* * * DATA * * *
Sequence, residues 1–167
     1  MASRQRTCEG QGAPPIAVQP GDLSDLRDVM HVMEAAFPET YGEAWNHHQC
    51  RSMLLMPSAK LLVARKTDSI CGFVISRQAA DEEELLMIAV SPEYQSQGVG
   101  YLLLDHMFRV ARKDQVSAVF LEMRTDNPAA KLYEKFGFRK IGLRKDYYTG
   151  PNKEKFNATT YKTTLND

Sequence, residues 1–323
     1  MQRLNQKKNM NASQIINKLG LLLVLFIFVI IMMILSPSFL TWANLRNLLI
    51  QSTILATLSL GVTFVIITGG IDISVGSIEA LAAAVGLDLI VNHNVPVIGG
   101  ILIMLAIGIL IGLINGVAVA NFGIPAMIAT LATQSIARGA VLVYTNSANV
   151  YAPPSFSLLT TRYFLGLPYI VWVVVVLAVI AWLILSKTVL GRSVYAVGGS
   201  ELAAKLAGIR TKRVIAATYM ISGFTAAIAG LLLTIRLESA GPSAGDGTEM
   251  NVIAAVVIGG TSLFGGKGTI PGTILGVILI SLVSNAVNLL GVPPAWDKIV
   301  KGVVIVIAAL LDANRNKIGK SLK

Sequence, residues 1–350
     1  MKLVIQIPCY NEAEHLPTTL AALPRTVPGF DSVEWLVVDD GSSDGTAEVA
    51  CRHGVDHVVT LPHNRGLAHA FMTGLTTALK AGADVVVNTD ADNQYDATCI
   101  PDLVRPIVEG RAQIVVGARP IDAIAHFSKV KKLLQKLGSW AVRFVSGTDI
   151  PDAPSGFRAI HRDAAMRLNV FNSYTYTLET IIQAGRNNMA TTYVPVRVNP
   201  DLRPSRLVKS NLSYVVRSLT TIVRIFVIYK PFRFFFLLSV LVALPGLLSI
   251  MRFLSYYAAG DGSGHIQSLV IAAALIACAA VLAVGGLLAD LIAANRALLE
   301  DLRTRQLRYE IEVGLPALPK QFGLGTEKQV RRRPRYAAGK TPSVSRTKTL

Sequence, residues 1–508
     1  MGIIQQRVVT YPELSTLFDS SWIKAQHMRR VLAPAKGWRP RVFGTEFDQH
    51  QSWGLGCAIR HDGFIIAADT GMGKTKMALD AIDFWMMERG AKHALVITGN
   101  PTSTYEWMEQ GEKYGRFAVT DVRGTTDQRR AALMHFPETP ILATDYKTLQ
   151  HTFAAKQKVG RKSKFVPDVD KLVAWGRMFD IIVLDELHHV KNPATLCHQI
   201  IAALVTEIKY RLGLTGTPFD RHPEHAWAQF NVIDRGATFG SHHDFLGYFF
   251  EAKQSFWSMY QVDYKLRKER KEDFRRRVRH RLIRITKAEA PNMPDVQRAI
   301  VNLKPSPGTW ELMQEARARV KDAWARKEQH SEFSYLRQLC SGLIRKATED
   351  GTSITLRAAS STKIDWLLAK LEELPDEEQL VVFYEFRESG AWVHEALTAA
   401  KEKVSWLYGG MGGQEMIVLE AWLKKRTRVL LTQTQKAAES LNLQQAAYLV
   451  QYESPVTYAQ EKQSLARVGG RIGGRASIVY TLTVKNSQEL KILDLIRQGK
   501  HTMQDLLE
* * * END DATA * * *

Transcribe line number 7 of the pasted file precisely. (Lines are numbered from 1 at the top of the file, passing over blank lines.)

     1  MQRLNQKKNM NASQIINKLG LLLVLFIFVI IMMILSPSFL TWANLRNLLI